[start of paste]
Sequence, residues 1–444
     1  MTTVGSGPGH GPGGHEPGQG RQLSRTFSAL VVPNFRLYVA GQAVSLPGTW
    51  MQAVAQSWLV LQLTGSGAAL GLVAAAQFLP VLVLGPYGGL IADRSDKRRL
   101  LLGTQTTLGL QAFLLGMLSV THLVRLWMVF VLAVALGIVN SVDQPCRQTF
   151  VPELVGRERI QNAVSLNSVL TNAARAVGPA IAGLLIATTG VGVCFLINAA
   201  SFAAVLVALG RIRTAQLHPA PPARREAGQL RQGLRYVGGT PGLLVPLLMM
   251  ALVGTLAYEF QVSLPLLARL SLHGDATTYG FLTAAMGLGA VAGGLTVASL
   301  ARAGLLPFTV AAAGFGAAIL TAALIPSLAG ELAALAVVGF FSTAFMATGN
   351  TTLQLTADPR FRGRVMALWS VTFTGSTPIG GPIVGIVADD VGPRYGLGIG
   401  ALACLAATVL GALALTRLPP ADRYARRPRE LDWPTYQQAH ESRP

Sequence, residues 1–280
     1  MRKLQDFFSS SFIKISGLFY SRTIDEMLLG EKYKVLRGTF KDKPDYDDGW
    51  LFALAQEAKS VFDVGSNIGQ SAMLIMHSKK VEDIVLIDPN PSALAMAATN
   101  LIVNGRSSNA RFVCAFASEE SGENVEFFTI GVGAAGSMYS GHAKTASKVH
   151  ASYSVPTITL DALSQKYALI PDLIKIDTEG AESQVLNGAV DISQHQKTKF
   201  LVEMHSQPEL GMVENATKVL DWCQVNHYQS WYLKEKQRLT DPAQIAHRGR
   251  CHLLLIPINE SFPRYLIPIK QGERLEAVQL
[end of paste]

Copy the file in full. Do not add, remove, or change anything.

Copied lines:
Sequence, residues 1–444
     1  MTTVGSGPGH GPGGHEPGQG RQLSRTFSAL VVPNFRLYVA GQAVSLPGTW
    51  MQAVAQSWLV LQLTGSGAAL GLVAAAQFLP VLVLGPYGGL IADRSDKRRL
   101  LLGTQTTLGL QAFLLGMLSV THLVRLWMVF VLAVALGIVN SVDQPCRQTF
   151  VPELVGRERI QNAVSLNSVL TNAARAVGPA IAGLLIATTG VGVCFLINAA
   201  SFAAVLVALG RIRTAQLHPA PPARREAGQL RQGLRYVGGT PGLLVPLLMM
   251  ALVGTLAYEF QVSLPLLARL SLHGDATTYG FLTAAMGLGA VAGGLTVASL
   301  ARAGLLPFTV AAAGFGAAIL TAALIPSLAG ELAALAVVGF FSTAFMATGN
   351  TTLQLTADPR FRGRVMALWS VTFTGSTPIG GPIVGIVADD VGPRYGLGIG
   401  ALACLAATVL GALALTRLPP ADRYARRPRE LDWPTYQQAH ESRP

Sequence, residues 1–280
     1  MRKLQDFFSS SFIKISGLFY SRTIDEMLLG EKYKVLRGTF KDKPDYDDGW
    51  LFALAQEAKS VFDVGSNIGQ SAMLIMHSKK VEDIVLIDPN PSALAMAATN
   101  LIVNGRSSNA RFVCAFASEE SGENVEFFTI GVGAAGSMYS GHAKTASKVH
   151  ASYSVPTITL DALSQKYALI PDLIKIDTEG AESQVLNGAV DISQHQKTKF
   201  LVEMHSQPEL GMVENATKVL DWCQVNHYQS WYLKEKQRLT DPAQIAHRGR
   251  CHLLLIPINE SFPRYLIPIK QGERLEAVQL